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Steel Sky
Andrew C. Murphy
BrainWorks Books, 275 pages

Steel Sky
Andrew C. Murphy
Andrew C. Murphy is the Creative Director for Art of BrainWorks Communications, an independent medical advertising agency. He lives in Penn Valley, Pennsylvania with his family.

Andrew C. Murphy Website
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Past Feature Reviews
A review by Susan Dunman

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A vast underground city is built in stone to save humanity from catastrophic events on the surface of the planet. Now, four hundred years later, the citizens of Hypogeum have no memory of their origins or the purpose the Founders had for their subterranean metropolis. In fact, they do not even realize there is anything above their colossal city entombed in rock.

Life is not pleasant for most of the citizenry, where society reflects the multi-leveled habitat that has grown ever-upward over the centuries. Those who live at the top, near the fluorescent sun, are privileged beyond the imaginings of those consigned to the deeper depths of the city.

In spite of their diminished status, the lower level Tertiary and Quaternary citizens do have some things in common with the highest, Null class population -- the rampant pollution, crime, and overcrowding which afflicts the entire Hypogeum. Into this stagnant, synthetic world comes the Winnower, a seemingly unstoppable creature in deadly armor who is either a deranged product of the lower levels or the mythic character foretold centuries ago as a harbinger of The End Times.

Encased in armor equipped with razor-sharp spikes, the Winnower appears and disappears at will, wrecking havoc on criminals throughout the Hypogeum. The Orcas family is an influential Null-class clan which controls all of the equipment that spies on the city's citizens. The failure of the Orcas' technology to locate and identify the Winnower is a blight on the Orcas family name and begins to undermine their reputation.

As the heir-apparent of the Orcas family, Second Son is forced to accept unpleasant familial responsibilities due to the death of his older brother, months earlier. Much to his father's dismal, Second Son cannot achieve the state of consciousness required to master the city's surveillance equipment and is not a suitable partner for his sister, which custom dictates he must marry in order to produce a new family heir.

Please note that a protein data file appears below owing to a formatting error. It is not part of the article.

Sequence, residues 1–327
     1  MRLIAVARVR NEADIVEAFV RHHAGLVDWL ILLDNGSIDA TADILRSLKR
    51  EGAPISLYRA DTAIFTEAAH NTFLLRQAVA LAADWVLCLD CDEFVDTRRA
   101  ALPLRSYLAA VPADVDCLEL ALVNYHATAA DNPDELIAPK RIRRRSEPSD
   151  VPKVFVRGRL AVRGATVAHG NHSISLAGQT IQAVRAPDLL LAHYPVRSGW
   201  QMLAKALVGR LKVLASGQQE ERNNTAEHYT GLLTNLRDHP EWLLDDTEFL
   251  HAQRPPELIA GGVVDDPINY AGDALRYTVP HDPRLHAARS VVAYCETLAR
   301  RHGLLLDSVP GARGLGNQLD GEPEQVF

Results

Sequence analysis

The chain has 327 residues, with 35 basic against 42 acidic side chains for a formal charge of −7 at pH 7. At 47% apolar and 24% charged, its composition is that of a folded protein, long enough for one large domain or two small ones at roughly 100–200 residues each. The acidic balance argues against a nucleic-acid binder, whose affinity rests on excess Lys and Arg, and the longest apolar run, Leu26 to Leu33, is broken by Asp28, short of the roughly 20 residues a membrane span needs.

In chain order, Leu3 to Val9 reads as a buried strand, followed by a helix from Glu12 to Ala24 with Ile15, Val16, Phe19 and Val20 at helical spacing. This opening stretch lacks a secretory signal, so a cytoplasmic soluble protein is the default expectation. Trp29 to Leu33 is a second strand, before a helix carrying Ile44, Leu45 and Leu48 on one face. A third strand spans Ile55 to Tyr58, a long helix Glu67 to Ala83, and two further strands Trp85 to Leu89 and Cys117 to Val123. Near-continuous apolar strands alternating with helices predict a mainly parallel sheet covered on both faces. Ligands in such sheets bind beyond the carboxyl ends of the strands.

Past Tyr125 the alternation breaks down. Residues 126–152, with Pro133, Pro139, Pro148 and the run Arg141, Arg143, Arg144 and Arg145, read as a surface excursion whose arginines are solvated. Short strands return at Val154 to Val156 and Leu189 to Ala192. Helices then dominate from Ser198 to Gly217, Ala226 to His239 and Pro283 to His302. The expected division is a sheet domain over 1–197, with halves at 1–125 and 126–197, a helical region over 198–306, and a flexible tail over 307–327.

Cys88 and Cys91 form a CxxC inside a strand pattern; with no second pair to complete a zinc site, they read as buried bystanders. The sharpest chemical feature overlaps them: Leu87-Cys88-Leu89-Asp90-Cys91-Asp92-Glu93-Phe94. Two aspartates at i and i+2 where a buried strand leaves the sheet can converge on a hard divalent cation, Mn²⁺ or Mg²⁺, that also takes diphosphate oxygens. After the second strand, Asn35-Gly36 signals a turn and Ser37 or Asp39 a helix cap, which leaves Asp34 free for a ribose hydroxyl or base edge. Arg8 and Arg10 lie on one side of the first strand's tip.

Meanwhile, at the opposite end of the social spectrum, Bernie and Orel are two maintenance men trying to identify the source of a pneumatic breach in the duct systems of the lower levels. Their familiar world of drainage pipes, pressure valves and pumping stations becomes life-threatening when the two men discover that the breach is not accidental. In fact, all signs point to the infiltration of the city by Rats, a hybrid half-human, half-rodent mutation that exists in unknown numbers at the fringe of the city.

Within these two extremes exists a well-defined society that the author has carefully created to compliment the environment in which it is forced to exist. Because of limited space and resources, unproductive citizens, whether they are newborns with birth defects or terminally ill cancer patients, are brought to a speedy and painless end by the Deathsmen. This enigmatic brotherhood eliminates the old and unfit, and their function has been integrated into society's religious beliefs, allowing them unfettered access to all class levels.

However, there are other options for ending one's life in the stifling, depressing confines of the city. The most popular option is simply to walk outside any building without a respirator mask and the polluted air will kill within minutes. These suicide "breathers" are a common occurrence and are usually allowed to die of asphyxiation.

But all is not doom and gloom in the Hypogeum. There is still room for love, friendship, justice, and hope in a world that has not seen the true light of day in four hundred years. Revealing snippets of life from all levels of the city, readers gradually begin to see the city as a whole and how it is influenced by the different levels and social classes upon which it is built.

Steel Sky is a compelling work at different levels, which is what makes it so entertaining. In addition to solving the mystery of the Winnower, a variety of intriguing characters help readers explore a bizarre city that has lost its past and is unsure of its future. Those hoping to find a good story within the Hypogeum will not be disappointed!

Copyright © 2005 Susan Dunman

Susan became a librarian many light years ago and has been reviewing books ever since. Audiobooks and graphic novels have expanded her quest to find the best science fiction in Libraryland.


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